Part 1 of this series detailed the Royals' emphasis on downhill plane and the mechanical philosophy necessary to achieve it. Read Part 1 here.
Because the Royals lack homegrown guys in the rotation, they have to make trades or sign free agents in order to field a competent group of starters. If they want to make a trade for an impact MLB player, the lack of pitching assets pushes the Royals toward including position players as the main pieces in trades, which is a shame because position players are more reliable assets. We saw this with the Wil Myers-James Shields trade, as Myers was the main piece. For some reason, the Royals threw in one of the few pitchers who had made it through the gauntlet of the Royals' development system, Jake Odorizzi, and Mike Montgomery. While it's unclear, or even unlikely, that either one would have achieved success with the Royals*, they traded two cheap starting pitchers and got one expensive one in return, in addition to an expensive reliever. This is a mismanagement of resources.
*Montgomery to date this season in AAA: 13 starts, 75 innings, 64 strikeouts, 23 walks, 4 home runs, 3.34 FIP. Odorizzi to date this season in MLB: 13 starts, 65 innings, 76 strikeouts, 26 walks, 6 home runs, 3.23 FIP.
With free agents, they can't afford the cream of the crop, so they're forced to spend money on guys like Jeremy Guthrie and Jason Vargas-the mid to low tier guys. In addition, because the Royals can't develop starting pitchers, there is a distinct lack of depth in the system. The alternatives are so grisly that the Royals HAVE to value durability very highly on the free agent and trade markets in an asset class not known for durability. This is another reason why Guthrie, Vargas, and Shields pitch for the Royals. Aside from Vargas' blood clot last year, that's a "durable" group of pitchers. I would imagine that agents, when negotiating with the Royals, are also placing a high premium on durability. This could be a reason why Guthrie and Vargas are getting paid seemingly more than they should. Nick Kenney and Co are supposed to be the best, so it's possible that the Royals have to prioritize the medical staff as well to keep guys healthy, which isn't really a bad thing. I have no problem with the Royals spending money to retain a good medical staff.
Another consequence of the inability to develop starting pitchers is manifest in the bullpen. With the failure to develop starting pitchers, a lot of those failed starters convert to relief roles, where their mechanics are less of an issue (Aaron Crow comes to mind. Potentially Danny Duffy). Some of the pitchers in the Royals bullpen probably have the talent to be starting pitchers, but their mechanics prevent them from achieving the repeatable delivery that is essential to be successful at starting. As long as the Royals emphasize downhill plane, they'll probably have a good bullpen. Other teams likely have this issue as well, but there are always teams looking for bullpen help.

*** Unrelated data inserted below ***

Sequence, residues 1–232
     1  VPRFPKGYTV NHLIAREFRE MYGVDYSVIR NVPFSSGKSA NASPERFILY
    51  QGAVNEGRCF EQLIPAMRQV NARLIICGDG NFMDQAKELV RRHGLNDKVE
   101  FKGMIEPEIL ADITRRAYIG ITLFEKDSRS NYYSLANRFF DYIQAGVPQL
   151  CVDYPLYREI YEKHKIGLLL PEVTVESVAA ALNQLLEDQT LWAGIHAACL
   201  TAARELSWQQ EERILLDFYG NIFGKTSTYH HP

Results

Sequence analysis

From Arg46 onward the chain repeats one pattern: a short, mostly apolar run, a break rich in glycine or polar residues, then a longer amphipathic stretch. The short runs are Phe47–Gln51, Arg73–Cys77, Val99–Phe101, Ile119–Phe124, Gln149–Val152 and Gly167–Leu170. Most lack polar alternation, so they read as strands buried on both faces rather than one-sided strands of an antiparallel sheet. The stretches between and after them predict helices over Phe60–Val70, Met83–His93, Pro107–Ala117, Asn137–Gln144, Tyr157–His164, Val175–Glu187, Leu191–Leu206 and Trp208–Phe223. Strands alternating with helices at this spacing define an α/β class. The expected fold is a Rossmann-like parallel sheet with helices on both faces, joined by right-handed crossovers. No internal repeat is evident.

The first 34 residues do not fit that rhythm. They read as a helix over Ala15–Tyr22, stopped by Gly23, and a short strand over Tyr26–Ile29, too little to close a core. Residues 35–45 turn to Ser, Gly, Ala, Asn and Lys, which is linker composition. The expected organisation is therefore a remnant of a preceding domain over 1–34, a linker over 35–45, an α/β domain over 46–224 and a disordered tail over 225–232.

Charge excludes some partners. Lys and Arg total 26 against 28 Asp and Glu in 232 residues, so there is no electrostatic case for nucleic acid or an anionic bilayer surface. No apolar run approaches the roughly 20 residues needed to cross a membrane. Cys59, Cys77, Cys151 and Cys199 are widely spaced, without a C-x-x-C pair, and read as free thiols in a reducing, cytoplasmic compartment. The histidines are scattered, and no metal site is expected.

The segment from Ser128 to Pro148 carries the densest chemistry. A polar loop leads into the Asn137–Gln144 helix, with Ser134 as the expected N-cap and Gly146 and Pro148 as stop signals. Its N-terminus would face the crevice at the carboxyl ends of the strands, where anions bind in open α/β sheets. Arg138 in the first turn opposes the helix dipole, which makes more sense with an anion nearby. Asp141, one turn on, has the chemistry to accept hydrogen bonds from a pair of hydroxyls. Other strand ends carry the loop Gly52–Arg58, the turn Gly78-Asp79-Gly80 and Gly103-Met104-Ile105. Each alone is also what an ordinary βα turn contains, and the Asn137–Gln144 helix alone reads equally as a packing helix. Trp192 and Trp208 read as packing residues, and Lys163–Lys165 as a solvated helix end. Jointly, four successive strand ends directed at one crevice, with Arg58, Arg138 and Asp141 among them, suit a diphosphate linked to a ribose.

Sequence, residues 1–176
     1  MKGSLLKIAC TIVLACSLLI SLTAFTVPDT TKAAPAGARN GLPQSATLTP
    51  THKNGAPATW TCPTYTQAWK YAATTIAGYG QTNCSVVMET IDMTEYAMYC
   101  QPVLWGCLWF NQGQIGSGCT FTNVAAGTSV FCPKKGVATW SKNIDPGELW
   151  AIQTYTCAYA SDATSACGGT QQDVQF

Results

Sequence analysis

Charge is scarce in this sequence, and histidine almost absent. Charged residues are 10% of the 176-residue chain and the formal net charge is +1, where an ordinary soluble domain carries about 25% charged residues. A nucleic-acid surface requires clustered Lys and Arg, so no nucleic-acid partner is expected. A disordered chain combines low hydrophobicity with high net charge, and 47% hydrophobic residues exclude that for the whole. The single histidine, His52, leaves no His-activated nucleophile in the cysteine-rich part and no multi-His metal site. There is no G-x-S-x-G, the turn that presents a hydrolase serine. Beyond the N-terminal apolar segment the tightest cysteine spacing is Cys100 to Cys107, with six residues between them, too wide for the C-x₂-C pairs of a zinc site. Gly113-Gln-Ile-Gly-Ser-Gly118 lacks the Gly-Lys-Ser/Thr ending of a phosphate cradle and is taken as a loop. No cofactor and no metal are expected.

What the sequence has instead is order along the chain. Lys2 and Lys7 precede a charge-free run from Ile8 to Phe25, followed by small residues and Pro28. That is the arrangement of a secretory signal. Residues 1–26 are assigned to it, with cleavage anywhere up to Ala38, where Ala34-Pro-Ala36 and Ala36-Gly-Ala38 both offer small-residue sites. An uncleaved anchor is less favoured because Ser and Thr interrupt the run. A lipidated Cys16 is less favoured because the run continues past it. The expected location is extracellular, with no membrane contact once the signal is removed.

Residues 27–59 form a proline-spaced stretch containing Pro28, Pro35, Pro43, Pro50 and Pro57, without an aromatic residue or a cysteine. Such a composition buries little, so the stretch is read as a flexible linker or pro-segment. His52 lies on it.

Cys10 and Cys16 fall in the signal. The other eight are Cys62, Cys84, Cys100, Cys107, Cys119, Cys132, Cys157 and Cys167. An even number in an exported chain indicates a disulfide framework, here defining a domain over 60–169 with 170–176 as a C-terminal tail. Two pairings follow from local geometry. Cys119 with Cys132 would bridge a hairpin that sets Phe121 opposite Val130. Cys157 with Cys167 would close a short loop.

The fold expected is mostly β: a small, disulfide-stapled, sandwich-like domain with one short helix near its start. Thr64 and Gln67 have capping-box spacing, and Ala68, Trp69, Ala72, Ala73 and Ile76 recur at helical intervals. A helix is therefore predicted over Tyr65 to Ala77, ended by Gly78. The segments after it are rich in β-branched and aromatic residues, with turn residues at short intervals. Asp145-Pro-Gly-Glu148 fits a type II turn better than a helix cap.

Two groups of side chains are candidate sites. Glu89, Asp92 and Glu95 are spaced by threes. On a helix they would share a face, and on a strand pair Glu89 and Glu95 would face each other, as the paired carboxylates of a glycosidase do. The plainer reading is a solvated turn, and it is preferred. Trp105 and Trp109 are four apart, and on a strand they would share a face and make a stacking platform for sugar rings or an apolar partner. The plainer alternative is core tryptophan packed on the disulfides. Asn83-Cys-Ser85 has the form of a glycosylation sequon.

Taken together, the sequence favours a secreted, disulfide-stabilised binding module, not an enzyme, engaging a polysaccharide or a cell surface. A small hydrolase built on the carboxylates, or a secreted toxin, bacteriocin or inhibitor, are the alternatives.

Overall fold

This brings us to another aspect of resource utilization. Dayton Moore has put together a run of great bullpens for the past few years, partially because of the flawed development philosophy and partially because he just might have a knack for it. Essentially, the Royals have a competitive advantage against other teams when it comes to relievers. The Royals are using this advantage, but not as much as I would hope.
We know that relievers are inconsistent, and their performance can drop off at basically any time. It makes sense to trade relievers when their value is highest. The most recent trade involving a reliever was the Will Smith-Norichika Aoki trade. The Royals relief pipeline can replace Smith; the Royals had no one ready to play RF after the Myers trade. This is an example of utilizing a competitive advantage to exchange plentiful goods for scarce goods. Other trades of relief pitchers include the Jonathan Broxton, Brandon Sisk, and Kevin Chapman trades. The returns were mixed, but I can support the logic behind making those trades. The Royals have a lot of good relievers in MLB and the minors right now. They could be doing more.
Summing up, the Royals are teaching a pitching philosophy based on achieving downhill plane. They seem to be adept at teaching it, but it could be causing the starting pitcher development pipeline to break. The inability to develop starting pitchers is causing the Royals to look outside the organization to find pitchers, and they might have to pay a premium for durability for a type of player generally not known for durability. In addition, the Royals have shown an uncertain ability to manage effectively the resources they do have. The Process, year 8, at work.